Iran poised to breach nuclear deal

The Iranian government has threatened to breach key points of the nuclear agreement. A spokesman announced that the country will exceed the uranium stockpile limit stipulated in the deal by the end of June. With this step Iran is increasing the pressure on other countries to take steps to preserve the nuclear deal. Since its unilateral withdrawal from the agreement in May 2018 the US has imposed new sanctions on Iran. How can a further escalation be avoided?

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La Repubblica (IT) /

Things are getting dangerous

A new conflict is looming in the region, warns Middle East expert Bernardo Valli in La Repubblica:

“Tehran's ten-day ultimatum is a clear answer to Trump's U-turn. But it is also directed at the Europeans who are called on to take measures to convince the US to lift the sanctions. Mohammad Javad Zarif, the Iranian foreign minister, recently adopted a harsher tone when he warned the United States that their security in the region would no longer be guaranteed if they waged an 'economic war' against the Islamic Republic. And he ruled out any dialogue with the US until the US is prepared to make concessions and lift the sanctions.”

Frankfurter Allgemeine Zeitung (DE) /

Europe must become stronger

The Iran conflict shows once again how little power the EU has on the world stage, the Frankfurter Allgemeine Zeitung comments:

“Just what should the EU and its member states do to go from being other powers' pawns to being self-confident players in their own right? ... The EU and its members must do all they can to make the European Economic Area innovative, dynamic and competitive. That includes having a strong euro. Of course, in order to become a 'world power' the strengthening of its military capabilities will be essential. ... The Europeans must go from being forced to react to taking action independently. ... Unfortunately that's not easy. However, the dominant players on the world stage take no account of the Europeans' feelings or squabbles - they use them to their own advantage. And that must stop.”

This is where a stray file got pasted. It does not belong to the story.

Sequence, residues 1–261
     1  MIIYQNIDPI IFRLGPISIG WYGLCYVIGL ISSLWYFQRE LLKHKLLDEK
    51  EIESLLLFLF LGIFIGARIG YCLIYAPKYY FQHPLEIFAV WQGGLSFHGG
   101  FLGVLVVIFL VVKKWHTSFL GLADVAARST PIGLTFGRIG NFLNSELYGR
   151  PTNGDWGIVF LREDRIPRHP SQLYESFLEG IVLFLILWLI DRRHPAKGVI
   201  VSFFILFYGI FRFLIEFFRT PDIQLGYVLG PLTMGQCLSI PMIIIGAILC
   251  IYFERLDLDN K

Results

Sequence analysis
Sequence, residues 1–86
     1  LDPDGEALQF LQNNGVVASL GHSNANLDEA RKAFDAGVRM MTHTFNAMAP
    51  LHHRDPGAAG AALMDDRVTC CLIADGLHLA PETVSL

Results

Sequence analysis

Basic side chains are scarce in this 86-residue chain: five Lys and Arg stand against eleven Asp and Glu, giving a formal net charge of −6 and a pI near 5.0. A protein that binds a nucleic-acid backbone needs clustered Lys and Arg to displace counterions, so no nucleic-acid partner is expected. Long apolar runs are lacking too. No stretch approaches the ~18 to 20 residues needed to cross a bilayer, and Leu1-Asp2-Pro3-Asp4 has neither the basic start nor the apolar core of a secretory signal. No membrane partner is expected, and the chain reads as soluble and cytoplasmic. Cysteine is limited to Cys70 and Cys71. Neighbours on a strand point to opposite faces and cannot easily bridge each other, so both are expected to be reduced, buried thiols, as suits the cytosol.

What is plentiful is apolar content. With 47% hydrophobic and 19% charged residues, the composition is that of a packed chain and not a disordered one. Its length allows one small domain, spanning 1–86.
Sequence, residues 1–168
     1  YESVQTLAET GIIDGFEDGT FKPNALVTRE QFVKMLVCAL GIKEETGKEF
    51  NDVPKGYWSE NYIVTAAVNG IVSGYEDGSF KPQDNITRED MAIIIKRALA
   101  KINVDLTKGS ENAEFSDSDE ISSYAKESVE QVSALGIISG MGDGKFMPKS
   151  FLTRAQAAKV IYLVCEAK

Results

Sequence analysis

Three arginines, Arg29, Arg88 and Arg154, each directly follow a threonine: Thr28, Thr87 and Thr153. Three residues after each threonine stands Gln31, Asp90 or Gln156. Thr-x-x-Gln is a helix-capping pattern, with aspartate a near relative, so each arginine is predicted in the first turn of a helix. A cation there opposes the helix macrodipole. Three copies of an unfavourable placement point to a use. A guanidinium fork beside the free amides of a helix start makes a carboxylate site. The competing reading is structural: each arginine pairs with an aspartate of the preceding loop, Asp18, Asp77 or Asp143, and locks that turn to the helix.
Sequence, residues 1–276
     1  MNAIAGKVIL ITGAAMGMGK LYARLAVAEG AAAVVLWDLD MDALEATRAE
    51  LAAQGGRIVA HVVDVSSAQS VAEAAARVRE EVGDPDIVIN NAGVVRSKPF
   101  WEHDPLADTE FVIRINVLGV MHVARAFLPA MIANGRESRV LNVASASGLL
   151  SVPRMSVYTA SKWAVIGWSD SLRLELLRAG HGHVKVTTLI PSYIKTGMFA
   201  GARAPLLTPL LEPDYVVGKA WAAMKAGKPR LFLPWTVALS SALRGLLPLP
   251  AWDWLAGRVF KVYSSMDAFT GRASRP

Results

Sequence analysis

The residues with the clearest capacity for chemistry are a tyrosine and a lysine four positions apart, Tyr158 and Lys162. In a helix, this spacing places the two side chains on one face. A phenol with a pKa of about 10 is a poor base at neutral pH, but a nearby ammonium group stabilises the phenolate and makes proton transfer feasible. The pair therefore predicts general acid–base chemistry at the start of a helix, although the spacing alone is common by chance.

Politiken (DK) /

Trump started this

Politiken puts most of the blame for the escalation on the US president:

“The US has increased the pressure on the hierocracy and threatened to limit access to the US market for other countries and companies if they do business with Iran. Europe hasn't been able to do anything about this and now the ayatollah regime has lost its patience. That was unwise, and the crisis now threatens to get out of control. But it's important to remember that it was the US that breached the agreement first. So Trump is to blame for the rapidly increasing political, economic and military tensions.”

Irish Examiner (IE) /

New deal could defuse the conflict

Iran and the US should negotiate a better nuclear deal, advises former US diplomat Richard Haass in the Irish Examiner:

“Iran has so far rejected talks, but that might change if the US indicated that a degree of sanctions relief would be on the table. The time has come for such a diplomatic overture. Think of it as JCPOA 2.0. The accord's provisions restraining Iran's nuclear activities would be extended well into the future. A revised agreement would also restrain Iran's ballistic missile program. In return, Iran would receive relief from the sanctions that have been introduced. The US could also formalise Trump's statement that he seeks policy change, not regime change.”